It’s hard to predict which of the Cal Poly men’s basketball team’s trio of 3-point shooters is going to be hot in a given game.
In Saturday night’s 68-53 victory over visiting UC Davis, it was senior Dylan Royer — with career highs in points and 3-pointers — taking the spotlight. It easily could have been freshman Reese Morgan or junior Kyle Odister.
What has been predictable, however, is the output of junior forward Chris Eversley, who came into the game leading the Mustangs (11-11, 7-5 Big West Conference) with 15.7 points and 7.7 rebounds per game.
Putting a damper on Cal Poly’s 11th straight Big West home victory was news that Eversley, who left late in the first half with a mysterious lower leg injury, will be out for an indefinite period.
“The sad thing about this is that Chris is a really tough, physical kid,” Mustangs head coach Joe Callero said. “I’ve never seen him injured in two or three years. So for him to be out of play means that there’s an injury. It’s not an owie. … It could be three to four days. It could be three to four weeks. It could be season-ending because I couldn’t imagine him being out unless it was more than a good healthy bruise.”
Callero said Eversley, who left Mott Gym immediately following the game for X-rays, did not suffer a knee or ankle sprain. He wore ice taped around his left shin and remained with the team for the second half.
Eversley appeared to get his leg tangled up with a UC Davis player while blocking out for an offensive rebound with 2:33 left in the first half. Eversley fell face first to the floor and limped noticeably as he got up and went back down the court.
He subbed out at the next stoppage and left the court under his own power.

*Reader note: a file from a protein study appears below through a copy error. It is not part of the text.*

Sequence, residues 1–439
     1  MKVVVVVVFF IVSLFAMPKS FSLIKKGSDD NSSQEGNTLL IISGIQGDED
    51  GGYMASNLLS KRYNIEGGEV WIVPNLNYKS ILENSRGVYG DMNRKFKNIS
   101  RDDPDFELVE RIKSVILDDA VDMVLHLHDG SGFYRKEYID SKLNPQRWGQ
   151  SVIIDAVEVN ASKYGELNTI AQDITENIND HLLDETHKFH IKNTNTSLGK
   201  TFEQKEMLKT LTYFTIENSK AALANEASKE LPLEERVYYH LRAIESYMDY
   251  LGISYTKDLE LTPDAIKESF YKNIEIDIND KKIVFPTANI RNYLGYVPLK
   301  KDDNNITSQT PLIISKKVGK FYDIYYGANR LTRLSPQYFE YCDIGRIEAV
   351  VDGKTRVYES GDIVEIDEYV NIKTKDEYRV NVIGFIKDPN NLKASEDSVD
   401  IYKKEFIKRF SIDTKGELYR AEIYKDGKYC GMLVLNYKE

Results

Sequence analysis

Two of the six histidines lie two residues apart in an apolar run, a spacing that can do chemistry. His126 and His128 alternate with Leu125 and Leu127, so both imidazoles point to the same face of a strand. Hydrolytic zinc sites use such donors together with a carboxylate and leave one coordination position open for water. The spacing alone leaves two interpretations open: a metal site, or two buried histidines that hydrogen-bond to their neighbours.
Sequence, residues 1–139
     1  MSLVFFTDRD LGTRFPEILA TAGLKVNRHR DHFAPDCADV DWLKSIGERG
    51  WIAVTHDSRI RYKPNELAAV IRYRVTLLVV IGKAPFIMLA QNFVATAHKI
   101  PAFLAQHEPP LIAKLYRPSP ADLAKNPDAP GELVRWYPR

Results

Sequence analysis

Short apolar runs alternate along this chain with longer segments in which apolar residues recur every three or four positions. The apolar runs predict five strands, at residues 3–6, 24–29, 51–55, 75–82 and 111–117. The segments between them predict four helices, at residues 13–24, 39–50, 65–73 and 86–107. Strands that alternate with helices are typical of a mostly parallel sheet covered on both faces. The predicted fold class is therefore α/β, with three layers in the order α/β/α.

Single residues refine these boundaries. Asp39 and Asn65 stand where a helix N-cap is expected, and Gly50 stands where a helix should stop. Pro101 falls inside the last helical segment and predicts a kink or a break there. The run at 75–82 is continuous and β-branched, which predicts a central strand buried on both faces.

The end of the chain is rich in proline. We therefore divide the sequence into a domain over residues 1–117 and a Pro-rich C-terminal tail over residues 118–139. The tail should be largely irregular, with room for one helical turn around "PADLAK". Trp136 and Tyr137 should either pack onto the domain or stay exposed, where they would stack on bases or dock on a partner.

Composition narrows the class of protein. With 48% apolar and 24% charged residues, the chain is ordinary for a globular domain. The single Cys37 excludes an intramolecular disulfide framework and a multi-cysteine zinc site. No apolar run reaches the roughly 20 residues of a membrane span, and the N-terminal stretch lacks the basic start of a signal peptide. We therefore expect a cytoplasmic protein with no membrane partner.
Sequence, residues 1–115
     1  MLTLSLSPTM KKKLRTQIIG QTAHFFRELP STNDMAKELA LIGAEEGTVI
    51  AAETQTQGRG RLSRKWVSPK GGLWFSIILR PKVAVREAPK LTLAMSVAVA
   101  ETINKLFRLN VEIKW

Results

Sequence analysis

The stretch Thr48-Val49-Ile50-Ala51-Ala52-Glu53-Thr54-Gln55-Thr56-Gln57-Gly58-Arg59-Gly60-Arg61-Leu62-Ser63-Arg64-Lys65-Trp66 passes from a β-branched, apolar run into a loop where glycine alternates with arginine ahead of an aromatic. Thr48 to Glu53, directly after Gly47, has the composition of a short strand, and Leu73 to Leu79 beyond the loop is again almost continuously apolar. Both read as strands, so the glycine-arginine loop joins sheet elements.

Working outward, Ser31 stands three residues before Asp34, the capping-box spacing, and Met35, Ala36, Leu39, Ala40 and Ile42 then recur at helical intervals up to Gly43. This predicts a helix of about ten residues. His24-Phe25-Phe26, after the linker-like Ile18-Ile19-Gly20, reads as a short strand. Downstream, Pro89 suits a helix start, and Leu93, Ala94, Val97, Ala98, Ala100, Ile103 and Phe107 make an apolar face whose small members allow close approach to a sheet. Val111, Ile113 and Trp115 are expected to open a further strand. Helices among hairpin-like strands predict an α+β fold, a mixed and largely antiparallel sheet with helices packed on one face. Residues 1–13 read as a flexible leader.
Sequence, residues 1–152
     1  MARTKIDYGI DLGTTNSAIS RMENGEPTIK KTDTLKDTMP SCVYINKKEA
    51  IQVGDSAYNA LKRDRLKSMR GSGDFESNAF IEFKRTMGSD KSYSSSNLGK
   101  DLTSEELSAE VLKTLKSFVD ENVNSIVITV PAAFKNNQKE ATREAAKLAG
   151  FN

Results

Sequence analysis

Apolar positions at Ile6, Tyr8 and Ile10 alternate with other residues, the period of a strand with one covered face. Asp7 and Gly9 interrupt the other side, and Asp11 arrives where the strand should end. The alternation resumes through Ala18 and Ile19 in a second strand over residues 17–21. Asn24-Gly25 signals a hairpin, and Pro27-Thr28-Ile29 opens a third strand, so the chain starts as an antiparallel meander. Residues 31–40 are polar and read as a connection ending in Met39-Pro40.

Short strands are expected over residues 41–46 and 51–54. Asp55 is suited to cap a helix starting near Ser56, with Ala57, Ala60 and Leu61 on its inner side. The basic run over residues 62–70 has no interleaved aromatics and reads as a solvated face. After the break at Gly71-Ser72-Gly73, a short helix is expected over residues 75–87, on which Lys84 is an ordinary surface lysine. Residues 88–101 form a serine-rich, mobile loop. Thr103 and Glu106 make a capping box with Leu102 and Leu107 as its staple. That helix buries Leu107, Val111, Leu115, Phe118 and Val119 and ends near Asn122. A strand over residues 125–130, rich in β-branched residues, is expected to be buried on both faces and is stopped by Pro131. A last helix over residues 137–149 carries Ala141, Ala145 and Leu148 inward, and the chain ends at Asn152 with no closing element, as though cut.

While the Mustangs led 37-20 at the half, Eversley tried to warm up during the break, but quickly shook his head “no” and returned to the bench.
“He’s a tough kid,” Royer said. “He never complains. He gets bumps and bruises all the time, but no one ever knows. You ask him about it, and he’s like, ‘Oh, I’m fine.’ It’s like he’s invincible sometimes.”
The Mustangs weren’t slowed by Eversley’s absence in the second half. After leading by as many as 18 in the first half, Cal Poly maintained its lead and pushed its largest margin to 20 with 9:16 left in the game.
UC Davis got to within 11 with 1:09 left, but Chris O’Brien, Royer and Morgan teamed to make six straight free throws to help ice the game.
Royer finished with 20 points, including six 3-pointers — all of which came in the first half.
The former Morro Bay High standout and Tribune County Player of the Year hit his first two 3-point attempts in the first five minutes of the game, and his confidence soared.
“I always think it’s going to be a good night,” Royer said, “but after the first two or three went in early in the first half, I was feeling good. My legs were feeling good, I feel like I’m lined up with the rim.
“It makes you a little more aggressive. If you make your first few, you kind of think, ‘Maybe I should look to shoot a little bit more.’ ”
Royer ventured out further away from the 3-point line to create room for some of his shots, and the success broke up a recent slump.
Though Royer last hit six 3-pointers in a 70-68 upset victory at UCLA in late November, he had still been one of the team’s leading scorers until recently.
Royer hadn’t scored double digits since the Mustangs’ last game at UC Davis, a 69-67 loss where he had 19. He was averaging just 4.5 points in the five games since.
“The last five, six games,” Callero said, “people have been really aggressive defending Dylan, Reese and Kyle, but if they get a little bit of space and they feel it … really the only thing you can do is foul a guy. Because some of those shots Dylan had, a couple of them were flat-footed, but some of them were just 3 feet behind the 3-point line coming off a screen.”
Said Royer: “It’s definitely been hard to score the past few games. A lot of teams are denying me, lot of pressure. It’s been really tough to get shots. I’m OK with that as long as we play well and we get a chance to win. Tonight, shots were flowing, and it felt like me scoring gave us a good chance to win.”